I've often been reading about (polynomially bounded) distinguishers in books or papers. Although by name and intuition it is somewhat clear what a distinguisher is and does, but i am asking myself whether there is a concrete formal definition. Despite the concept being used frequently, i wasn't able to find one.


A distinguisher is an arbitrary algorithm. In fact, we do NOT want to formalize anything about the distinguisher (except that its output is a single bit, although we don't even really need to do this). In definitions, we require that no distinguisher should succeed with non-negligible probability. So, this should hold for any algorithm.

Of course, we do specify the complexity class of the distinguisher (either probabilistic polynomial-time or non-uniform polynomial-time).

  • $\begingroup$ I think that should be "non-negligible advantage", not probability. $\endgroup$ – Guut Boy Feb 25 '16 at 10:24
  • $\begingroup$ Well, it just depends on what you mean by "succeed". But, yes, this is the intention. $\endgroup$ – Yehuda Lindell Feb 25 '16 at 15:03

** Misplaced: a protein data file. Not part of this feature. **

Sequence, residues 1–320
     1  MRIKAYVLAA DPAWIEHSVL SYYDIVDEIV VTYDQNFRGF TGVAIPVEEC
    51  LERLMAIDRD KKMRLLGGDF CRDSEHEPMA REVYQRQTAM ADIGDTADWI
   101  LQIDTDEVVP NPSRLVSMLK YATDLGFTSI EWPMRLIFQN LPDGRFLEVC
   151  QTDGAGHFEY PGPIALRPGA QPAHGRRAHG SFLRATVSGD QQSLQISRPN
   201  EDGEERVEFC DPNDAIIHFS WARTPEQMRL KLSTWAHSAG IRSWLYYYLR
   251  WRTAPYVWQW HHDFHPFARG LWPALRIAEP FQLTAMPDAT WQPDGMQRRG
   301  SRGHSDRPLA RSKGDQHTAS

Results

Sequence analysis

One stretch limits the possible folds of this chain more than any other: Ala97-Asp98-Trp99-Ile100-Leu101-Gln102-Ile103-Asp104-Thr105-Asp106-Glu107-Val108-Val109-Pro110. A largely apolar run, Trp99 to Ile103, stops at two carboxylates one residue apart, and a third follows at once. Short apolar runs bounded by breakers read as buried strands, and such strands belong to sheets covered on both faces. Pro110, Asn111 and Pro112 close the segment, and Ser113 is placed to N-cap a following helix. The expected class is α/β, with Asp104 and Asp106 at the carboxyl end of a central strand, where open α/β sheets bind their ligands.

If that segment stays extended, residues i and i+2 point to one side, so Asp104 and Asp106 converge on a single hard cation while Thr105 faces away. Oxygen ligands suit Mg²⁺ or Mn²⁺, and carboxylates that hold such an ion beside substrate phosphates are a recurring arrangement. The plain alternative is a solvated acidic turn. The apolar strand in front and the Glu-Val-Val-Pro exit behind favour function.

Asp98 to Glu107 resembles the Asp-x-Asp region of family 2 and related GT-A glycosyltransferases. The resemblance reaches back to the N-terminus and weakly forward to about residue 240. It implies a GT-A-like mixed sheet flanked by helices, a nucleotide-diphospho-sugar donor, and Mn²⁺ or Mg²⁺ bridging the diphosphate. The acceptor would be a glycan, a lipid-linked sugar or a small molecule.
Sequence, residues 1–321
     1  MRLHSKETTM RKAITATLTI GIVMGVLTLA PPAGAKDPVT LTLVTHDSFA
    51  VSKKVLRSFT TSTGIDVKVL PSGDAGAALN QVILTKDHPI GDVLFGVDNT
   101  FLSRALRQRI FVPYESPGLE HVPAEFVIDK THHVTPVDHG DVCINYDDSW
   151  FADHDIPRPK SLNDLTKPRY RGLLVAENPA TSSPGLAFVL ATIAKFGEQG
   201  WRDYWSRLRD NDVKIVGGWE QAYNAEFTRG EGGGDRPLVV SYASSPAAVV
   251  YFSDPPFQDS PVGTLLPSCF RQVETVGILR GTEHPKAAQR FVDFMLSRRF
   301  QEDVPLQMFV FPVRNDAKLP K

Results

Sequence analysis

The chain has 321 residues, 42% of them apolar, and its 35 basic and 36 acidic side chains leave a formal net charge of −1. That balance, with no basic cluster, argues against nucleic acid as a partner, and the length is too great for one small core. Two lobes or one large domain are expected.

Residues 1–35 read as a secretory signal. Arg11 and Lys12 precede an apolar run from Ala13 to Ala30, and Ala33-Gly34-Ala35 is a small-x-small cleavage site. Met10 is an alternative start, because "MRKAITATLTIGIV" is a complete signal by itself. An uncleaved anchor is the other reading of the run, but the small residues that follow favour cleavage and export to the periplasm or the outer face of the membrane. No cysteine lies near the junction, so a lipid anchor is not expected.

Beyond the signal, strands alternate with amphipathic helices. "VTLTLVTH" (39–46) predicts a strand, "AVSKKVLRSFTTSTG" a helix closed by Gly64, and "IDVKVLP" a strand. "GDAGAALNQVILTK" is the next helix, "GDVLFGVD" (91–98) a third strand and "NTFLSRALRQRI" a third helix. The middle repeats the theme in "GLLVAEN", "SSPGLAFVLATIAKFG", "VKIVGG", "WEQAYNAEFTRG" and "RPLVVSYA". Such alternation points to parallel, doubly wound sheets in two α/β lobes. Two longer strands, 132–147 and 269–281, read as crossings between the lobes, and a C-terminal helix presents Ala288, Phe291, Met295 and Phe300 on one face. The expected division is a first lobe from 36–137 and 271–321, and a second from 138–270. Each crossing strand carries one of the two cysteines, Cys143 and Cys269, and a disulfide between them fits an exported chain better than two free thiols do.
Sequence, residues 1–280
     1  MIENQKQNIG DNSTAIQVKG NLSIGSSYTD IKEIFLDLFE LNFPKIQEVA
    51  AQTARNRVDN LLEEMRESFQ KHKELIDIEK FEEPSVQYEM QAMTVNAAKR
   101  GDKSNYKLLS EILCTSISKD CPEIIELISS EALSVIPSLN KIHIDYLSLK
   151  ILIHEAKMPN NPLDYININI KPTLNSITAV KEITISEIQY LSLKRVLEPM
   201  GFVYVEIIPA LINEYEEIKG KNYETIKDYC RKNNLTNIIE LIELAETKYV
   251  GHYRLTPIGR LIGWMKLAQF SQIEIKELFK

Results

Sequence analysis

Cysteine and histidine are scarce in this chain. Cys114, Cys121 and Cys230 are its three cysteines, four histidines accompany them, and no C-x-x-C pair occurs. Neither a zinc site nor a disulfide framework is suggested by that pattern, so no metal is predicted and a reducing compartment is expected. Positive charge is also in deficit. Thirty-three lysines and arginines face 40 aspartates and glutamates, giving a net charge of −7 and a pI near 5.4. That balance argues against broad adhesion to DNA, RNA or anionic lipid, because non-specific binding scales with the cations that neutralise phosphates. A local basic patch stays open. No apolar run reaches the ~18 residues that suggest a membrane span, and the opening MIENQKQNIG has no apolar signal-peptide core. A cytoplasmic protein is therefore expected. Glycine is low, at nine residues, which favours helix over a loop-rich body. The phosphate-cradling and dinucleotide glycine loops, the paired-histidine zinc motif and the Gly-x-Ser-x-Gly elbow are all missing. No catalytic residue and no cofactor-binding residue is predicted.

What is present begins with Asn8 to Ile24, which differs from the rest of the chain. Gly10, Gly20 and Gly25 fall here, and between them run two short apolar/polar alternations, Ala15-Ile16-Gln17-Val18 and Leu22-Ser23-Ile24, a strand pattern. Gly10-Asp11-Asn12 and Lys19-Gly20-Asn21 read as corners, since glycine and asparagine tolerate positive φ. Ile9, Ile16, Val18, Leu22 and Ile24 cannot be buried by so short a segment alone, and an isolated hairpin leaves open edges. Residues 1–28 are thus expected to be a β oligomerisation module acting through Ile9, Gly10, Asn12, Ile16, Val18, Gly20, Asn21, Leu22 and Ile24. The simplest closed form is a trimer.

• $\begingroup$ How would you define "succeed" to fit in this case? I can't think of a natural definition. $\endgroup$ – Guut Boy Feb 25 '16 at 15:27
  • $\begingroup$ Formally, I meant what you meant. I wouldn't define it differently... $\endgroup$ – Yehuda Lindell Feb 28 '16 at 11:13

If you need further reading I strongly recommend you having a look at the paper "On the Role of Definitions in and Beyond Cryptography", by Rogaway. There he explains clearly the concept of distinguisher.


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